Bulgaria's finance ministry says it will change the law to allow payments to be made to depositors at troubled Corporate Commercial Bank (CCB) if discrepancies with EU law are found. The European Commission has started infringement proceedings against Bulgaria after CCB clients were denied access to their deposits for more than three months.
The EC said in a September 25 statement that it is opening infringement proceedings against Bulgaria for its failure to correctly transpose two articles of the Deposit Guarantee Scheme Directive, and because of the principle of free movement of capital. It criticised Bulgaria's deposit guarantee scheme for failing to pay out on claims by depositors at CCB and its subsidiary Commercial Bank Victoria within the timeline set out in the EU's DGS Directive. The Bulgarian authorities now have until October 15 to respond.
"The purpose and the task of such procedure is not to "punish" the respective member state but to determine, in dialogue between the European Commission and the authorities of the member state, whether and what is the infringement of the EU law, what measures should be taken and in what time periods," said a statement from the Bulgarian finance ministry issued the following day.
The ministry adds that in its response to the EC, Sofia "expressed its readiness to take the necessary actions to make legislative changes should any discrepancies with the EU law be established".
As the first stage in infringement proceedings, the EC has sent a letter of formal notice to Bulgaria. EC officials have already been in discussions with Bulgarian officials for several weeks.
The Bulgarian National Bank (BNB) announced on June 20 that it has taken CCB, Bulgaria's fourth largest bank by assets, under administration for three months after a bank run forced the lender to close its doors. The run was triggered by reports connecting BNB's deputy governor and head of banking supervision Tsvetan Gounev with allegations of corruption at CCB.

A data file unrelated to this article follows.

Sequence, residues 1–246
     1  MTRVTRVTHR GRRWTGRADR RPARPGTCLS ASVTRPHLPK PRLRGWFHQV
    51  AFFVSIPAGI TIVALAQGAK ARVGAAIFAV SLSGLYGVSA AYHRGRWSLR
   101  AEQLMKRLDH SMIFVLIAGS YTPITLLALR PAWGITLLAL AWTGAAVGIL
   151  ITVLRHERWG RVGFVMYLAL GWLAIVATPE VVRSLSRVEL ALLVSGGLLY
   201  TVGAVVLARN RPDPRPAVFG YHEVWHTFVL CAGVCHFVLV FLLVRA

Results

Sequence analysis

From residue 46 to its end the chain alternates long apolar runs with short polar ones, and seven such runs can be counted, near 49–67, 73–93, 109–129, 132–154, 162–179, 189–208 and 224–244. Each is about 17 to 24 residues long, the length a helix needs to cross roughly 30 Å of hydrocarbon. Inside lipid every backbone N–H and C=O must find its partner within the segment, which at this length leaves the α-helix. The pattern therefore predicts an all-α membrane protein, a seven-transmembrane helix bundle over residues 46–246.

The period of BNB administration has since been extended until until November 20. This has left BNB clients without access to their deposits for several months, sparking a series of protests in Sofia and other cities.
"The Commission expects that depositors will be given immediate access to the amount of bank deposits to which they are entitled," the EC said on September 25.
It says that Bulgarian law, which states that the deposit guarantee scheme is authorised to pay out only if the central bank has revoked the bank's licence, is not in line with the EU DGS Directive.
According to the EC statement, the conservatorship imposed by the Bulgarian authorities on the two banks also "appears to constitute a non-justified and disproportionate restriction to the free movement of capital".
"The Commission notes in particular that the two banks have been put into conservatorship with a complete suspension of payments and bank activities even though the domestic law allows less intrusive measures," it says.
CCB's largest shareholder, Bulgarian businessman Tsvetan Vassilev, was detained in Serbia on September on September 16, and is currently under house arrest in Belgrade. Vassilev is wanted by the Bulgarian authorities in connection to the liquidity crisis at the bank.
Meanwhile, Bulgaria's caretaker government and BNB officials are in talks with other major CCB shareholders in an attempt to secure a bailout package for the bank. Aside from Vassilev, the bank's main shareholders are Luxembourg-registered Bulgarian Acquisition Co, which is controlled by Oman's sovereign wealth fund the State General Reserve Fund of Oman, and Russia's VTB Group.
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